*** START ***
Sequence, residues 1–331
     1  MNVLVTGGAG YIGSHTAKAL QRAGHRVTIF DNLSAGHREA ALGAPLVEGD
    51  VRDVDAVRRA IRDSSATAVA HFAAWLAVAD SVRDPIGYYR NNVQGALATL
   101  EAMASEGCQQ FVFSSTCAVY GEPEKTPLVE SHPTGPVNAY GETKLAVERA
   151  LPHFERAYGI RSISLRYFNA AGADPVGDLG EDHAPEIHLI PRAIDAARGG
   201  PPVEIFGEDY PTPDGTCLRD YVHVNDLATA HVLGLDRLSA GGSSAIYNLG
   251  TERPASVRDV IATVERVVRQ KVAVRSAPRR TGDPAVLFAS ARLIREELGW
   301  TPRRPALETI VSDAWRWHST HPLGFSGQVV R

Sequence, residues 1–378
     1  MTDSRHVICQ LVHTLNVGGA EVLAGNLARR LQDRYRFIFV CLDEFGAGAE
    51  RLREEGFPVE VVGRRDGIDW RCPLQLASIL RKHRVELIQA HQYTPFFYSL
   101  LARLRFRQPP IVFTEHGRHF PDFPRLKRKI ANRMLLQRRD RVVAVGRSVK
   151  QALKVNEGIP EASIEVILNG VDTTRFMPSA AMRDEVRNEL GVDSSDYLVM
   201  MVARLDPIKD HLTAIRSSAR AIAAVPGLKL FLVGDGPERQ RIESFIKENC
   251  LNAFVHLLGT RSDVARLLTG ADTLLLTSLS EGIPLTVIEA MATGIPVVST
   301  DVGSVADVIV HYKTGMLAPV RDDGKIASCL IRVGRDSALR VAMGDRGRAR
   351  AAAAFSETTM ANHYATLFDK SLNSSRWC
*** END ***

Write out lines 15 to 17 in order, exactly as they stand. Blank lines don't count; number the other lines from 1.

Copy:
   251  LNAFVHLLGT RSDVARLLTG ADTLLLTSLS EGIPLTVIEA MATGIPVVST
   301  DVGSVADVIV HYKTGMLAPV RDDGKIASCL IRVGRDSALR VAMGDRGRAR
   351  AAAAFSETTM ANHYATLFDK SLNSSRWC